About this book
This book examines the conceptions of justice from Zarathustra to Islam. The text explores the conceptions of justice by Zarathustra, Ancient Egypt, India, Mesopotamia, Noah, Abraham, and Moses. During the Axial Age (800-200BCE), the focus of justice is in India, China, and Greece. In the post-Axial age, the focus is on Christianity. The authors then turn to Islam, where justice is conceived as a system, which emerges if the Qur’anic rules are followed. This work concludes with the views of early Muslim thinkers and on how these societies deteriorated after the death of the Prophet. The monograph is ideal for those interested in the conception of justice through the ages, Islamic studies, political Islam, and issues of peace and justice.
Abbas Mirakhor is former Executive Director and Dean of the Executive Board of the International Monetary Fund. Previously, he taught at universities in Iran and in the US and was the First Holder of the INCEIF Chair in Islamic Finance at INCEIF in Malaysia.
Hossein Askari is former Assistant Professor at Tufts University, Professor of Business and Middle East Studies at the University of Texas at Austin, and was the Iran Professor of Business and International Affairs at The George Washington University, becoming Emeritus in 2019.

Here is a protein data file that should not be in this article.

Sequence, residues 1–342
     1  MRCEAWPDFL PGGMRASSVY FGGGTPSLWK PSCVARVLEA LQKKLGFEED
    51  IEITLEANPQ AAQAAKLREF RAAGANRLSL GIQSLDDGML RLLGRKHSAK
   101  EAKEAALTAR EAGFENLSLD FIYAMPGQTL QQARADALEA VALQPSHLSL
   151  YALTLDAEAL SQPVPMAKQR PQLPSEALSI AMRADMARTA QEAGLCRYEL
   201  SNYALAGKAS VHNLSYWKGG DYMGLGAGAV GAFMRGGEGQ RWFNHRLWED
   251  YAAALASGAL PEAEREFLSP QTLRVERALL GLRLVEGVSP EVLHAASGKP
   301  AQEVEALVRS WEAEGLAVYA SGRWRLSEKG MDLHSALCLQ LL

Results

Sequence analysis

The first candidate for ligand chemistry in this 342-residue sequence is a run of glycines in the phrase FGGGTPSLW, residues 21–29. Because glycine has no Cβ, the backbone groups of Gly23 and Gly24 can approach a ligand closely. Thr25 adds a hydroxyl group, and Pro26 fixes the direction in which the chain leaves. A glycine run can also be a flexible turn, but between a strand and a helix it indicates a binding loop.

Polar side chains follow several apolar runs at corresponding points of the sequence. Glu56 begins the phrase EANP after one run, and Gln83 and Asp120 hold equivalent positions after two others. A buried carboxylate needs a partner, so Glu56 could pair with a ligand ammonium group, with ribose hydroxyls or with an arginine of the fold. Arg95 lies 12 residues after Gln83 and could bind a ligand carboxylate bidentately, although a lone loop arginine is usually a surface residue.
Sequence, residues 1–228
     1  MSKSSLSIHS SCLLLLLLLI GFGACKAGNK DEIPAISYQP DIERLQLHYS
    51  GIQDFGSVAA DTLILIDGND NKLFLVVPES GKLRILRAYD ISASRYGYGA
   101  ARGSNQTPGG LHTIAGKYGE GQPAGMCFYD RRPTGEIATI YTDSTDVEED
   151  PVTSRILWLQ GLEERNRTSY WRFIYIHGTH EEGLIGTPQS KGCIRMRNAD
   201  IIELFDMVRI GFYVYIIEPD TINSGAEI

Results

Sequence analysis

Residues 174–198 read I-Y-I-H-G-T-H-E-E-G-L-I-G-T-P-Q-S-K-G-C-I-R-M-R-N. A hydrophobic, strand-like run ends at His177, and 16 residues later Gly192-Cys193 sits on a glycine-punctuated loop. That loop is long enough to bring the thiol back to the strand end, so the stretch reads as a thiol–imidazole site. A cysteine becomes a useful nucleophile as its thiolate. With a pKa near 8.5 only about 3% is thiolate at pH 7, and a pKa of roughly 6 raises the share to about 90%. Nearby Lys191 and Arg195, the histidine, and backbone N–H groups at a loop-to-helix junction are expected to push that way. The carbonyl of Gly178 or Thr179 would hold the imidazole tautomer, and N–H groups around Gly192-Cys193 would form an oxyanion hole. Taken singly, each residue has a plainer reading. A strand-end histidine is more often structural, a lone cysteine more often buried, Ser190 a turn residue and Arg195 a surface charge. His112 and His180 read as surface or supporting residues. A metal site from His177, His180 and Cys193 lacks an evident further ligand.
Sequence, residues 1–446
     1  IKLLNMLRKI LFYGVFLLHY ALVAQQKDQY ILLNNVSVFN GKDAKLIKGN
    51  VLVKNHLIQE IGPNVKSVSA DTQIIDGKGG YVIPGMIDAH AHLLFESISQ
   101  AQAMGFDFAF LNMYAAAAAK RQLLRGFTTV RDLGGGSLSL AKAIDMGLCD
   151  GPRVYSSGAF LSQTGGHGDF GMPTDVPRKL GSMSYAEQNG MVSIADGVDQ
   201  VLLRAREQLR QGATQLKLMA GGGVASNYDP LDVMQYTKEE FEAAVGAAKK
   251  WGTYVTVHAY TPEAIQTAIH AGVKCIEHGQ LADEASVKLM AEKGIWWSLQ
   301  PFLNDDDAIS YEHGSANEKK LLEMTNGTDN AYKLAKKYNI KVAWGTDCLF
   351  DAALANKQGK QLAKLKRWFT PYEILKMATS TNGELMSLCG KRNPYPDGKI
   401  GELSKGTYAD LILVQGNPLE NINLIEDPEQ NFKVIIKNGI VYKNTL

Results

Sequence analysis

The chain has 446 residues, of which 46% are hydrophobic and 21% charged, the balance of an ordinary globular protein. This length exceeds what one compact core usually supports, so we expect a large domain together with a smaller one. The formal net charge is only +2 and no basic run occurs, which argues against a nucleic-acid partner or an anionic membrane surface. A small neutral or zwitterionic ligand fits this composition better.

- Book Title Conceptions of Justice from Earliest History to Islam
- Series Title Political Economy of Islam
- Series Abbreviated Title Political Economy of Islam
- DOI https://doi.org/10.1057/978-1-137-54303-5
- Copyright Information The Editor(s) (if applicable) and The Author(s) 2019
- Publisher Name Palgrave Macmillan, New York
- eBook Packages Political Science and International Studies Political Science and International Studies (R0)
- Hardcover ISBN 978-1-137-54567-1
- eBook ISBN 978-1-137-54303-5
- Edition Number 1
- Number of Pages XXI, 295
- Number of Illustrations 0 b/w illustrations, 0 illustrations in colour
International Political Economy
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“A tour de force on conceptions of justice from Zarathustra to Islam. Cogently illuminates depictions of distributive justice in philosophy and religion, especially Islam.” (Dariush Zahedi, Director, AMENA Center for Entrepreneurship and Development, UC Berkeley, USA)
“With globalization, our greatest opportunity to find commonality and comity is forging a shared understanding of what economic and social justice means with those who do not look like us. Conceptions of Justice from Earliest History to Islam provides us an essential primer to spark that dialogue.” (John Forrer, Research Professor, George Washington University, USA)